...sparking a resonance with the subjects that transcends the surface and promotes a recognition of self
The third iteration of The CAMP Gallery’s annual monochromatic exhibition Μονόχρωμος (Monokhromos), entitled Seeing Beyond Color, once again relies on the clarity brought forth by the stripping away of color and ornamentation. The exhibition creates an intended space devoid of superficial appeal as a means of providing the viewer the space to see beyond what may normally catch, or distract, the eye--sparking a resonance with the subjects that transcends the surface and promotes a recognition of self that is based on an intimacy with Essence, as it exists within all living things.
Portuguese artist Gustavo Fernandes’ works are painted snapshots of the living, breathing life force present within us all. Whether the portraits are based on models that sat before him, or characters he’s dreamed up in his mind, what’s clear is that he has an undeniable understanding of and relationship to what it feels like to be alive. As he admits, he imbues his figures with as much emotional charge as they’ll allow, elevating them to “intuitive places of expression.” These heavily charged figures, muted and stripped of bias, present themselves as embodiments of joy, sadness, confusion, expectation, desire...and the more you look at them the more you feel you are looking at yourself. With the goat as his muse, Italian photographer Giacomo Gianneli uses his lens to visually enshrine the moments where the distance between man and animal is closed, and all that’s left is a feeling of vulnerability - “am I looking at it, or is it looking at me?” There is slight panic in the goat’s eyes as they make contact with the camera and realize they’ve been seen. This fear plays on every living being’s primal concern for safety, and the subtle confrontation with mortality Gianneli offers the viewer humbles him as he acknowledges the truth that though evolution has favored him greatly, there is essentially very little difference between him and a goat.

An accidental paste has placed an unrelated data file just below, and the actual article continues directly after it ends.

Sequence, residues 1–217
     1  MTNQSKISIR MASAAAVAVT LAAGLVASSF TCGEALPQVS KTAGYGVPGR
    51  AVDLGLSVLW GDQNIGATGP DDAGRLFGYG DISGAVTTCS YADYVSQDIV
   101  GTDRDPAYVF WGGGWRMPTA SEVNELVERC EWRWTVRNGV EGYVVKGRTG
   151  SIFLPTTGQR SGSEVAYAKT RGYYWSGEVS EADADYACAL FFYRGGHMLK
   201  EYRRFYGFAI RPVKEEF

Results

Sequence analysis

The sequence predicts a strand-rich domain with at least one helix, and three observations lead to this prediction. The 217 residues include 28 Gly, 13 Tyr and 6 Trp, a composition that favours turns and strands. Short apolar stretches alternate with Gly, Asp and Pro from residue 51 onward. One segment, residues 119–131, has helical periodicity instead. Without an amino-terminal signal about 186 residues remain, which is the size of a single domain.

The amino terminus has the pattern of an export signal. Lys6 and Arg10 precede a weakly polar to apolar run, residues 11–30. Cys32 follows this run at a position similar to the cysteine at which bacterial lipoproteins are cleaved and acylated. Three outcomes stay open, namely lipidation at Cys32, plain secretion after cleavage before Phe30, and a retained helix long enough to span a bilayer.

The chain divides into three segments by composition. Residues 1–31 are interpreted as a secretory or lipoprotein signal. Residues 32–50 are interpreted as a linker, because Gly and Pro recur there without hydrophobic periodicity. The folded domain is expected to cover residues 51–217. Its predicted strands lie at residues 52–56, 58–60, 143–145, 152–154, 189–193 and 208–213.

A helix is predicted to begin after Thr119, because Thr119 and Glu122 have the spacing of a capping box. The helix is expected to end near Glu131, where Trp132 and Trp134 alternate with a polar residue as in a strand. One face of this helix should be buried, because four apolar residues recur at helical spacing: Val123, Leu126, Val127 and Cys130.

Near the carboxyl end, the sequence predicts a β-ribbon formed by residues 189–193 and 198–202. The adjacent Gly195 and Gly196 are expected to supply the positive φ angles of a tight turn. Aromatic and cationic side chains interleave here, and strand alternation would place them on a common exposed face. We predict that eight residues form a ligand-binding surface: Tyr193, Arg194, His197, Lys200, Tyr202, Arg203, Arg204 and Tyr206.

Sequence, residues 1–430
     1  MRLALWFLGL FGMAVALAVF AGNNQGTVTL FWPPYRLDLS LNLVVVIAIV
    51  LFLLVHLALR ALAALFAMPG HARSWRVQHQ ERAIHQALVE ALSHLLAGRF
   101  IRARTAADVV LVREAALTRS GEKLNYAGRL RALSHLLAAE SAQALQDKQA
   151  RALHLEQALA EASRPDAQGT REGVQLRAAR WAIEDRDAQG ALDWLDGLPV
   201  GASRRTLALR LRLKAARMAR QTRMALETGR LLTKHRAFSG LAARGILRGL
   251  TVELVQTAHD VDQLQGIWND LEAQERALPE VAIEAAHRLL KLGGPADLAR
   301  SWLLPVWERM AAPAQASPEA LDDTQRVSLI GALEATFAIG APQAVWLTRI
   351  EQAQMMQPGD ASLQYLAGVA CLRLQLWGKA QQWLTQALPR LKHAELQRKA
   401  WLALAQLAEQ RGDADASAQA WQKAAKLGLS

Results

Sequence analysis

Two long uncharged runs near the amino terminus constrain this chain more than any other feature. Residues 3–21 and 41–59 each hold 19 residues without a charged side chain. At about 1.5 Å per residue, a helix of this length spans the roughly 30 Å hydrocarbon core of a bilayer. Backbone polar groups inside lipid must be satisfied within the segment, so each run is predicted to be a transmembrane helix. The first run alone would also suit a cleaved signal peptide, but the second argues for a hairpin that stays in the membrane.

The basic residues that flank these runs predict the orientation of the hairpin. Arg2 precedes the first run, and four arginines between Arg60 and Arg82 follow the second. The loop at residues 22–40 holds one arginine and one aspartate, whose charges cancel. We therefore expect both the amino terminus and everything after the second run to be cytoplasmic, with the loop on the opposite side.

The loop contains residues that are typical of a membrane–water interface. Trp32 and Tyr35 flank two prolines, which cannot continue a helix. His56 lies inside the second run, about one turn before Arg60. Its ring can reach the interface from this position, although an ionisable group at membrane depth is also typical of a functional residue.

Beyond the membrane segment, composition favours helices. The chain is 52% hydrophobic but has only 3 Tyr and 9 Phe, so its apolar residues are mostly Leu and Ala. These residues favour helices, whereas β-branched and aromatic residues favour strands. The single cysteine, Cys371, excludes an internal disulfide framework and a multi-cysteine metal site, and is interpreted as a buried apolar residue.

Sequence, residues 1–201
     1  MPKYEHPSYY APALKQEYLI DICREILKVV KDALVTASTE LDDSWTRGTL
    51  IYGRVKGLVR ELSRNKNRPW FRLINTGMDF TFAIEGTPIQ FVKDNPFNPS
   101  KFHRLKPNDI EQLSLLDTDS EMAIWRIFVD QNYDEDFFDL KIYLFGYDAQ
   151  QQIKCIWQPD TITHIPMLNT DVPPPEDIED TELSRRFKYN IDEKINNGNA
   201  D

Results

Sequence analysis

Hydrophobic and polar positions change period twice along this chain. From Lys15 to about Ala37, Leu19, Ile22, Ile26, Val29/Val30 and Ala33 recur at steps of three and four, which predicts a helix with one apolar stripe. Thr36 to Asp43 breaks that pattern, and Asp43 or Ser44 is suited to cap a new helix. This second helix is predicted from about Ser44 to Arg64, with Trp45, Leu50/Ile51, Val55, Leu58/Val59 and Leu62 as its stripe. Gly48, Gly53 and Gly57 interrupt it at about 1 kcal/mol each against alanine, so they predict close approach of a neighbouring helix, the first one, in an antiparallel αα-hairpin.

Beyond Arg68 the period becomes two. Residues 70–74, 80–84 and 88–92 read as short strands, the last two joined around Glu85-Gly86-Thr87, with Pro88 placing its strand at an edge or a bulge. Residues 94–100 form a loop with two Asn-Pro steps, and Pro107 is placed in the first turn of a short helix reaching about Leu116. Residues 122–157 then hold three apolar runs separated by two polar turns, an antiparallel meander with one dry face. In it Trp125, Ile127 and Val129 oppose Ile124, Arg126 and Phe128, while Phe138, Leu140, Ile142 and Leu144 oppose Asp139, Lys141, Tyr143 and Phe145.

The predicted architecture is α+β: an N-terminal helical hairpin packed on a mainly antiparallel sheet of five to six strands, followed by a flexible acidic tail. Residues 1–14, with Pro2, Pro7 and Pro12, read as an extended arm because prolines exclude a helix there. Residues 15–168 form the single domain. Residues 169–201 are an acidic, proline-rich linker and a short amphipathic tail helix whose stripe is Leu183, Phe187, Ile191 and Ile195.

Lithuanian artist ASPENCROW completely demolishes the hierarchy between man and animal with his sculpture Polar Kid. The work silently, and with a calm acceptance, exists in a space that understands that all living things are merely products of evolution, that our agency in the grand scheme of things is quite limited. The same resignation of control can be felt in Polish artist Małgorzata Jabłońska’s felt sculpture of her body. Standing almost like an Egyptian sarcophagus, the work presents the human figure as the vehicle through which life is lived, suggesting a higher reality with which we are all implicitly connected to. Harry Skeggs’ work presents us with beings that exist in seamless communion with nature. The lions exude a power and groundedness that can only be attributed to the surrendering of control and the subsequent freedom that comes from accepting the role you play in life, and desiring nothing more. Finally, photographer Alice de Kruijs’ work brings us back to a space where we can make the choice to move forward with the awareness of our shared essence at the forefront, as does the figure in Black and White 1, or push it aside and allow ourselves to be seduced by color.
Statement by Brianna Luz Fernandez
Curated by Brianna Luz Fernandez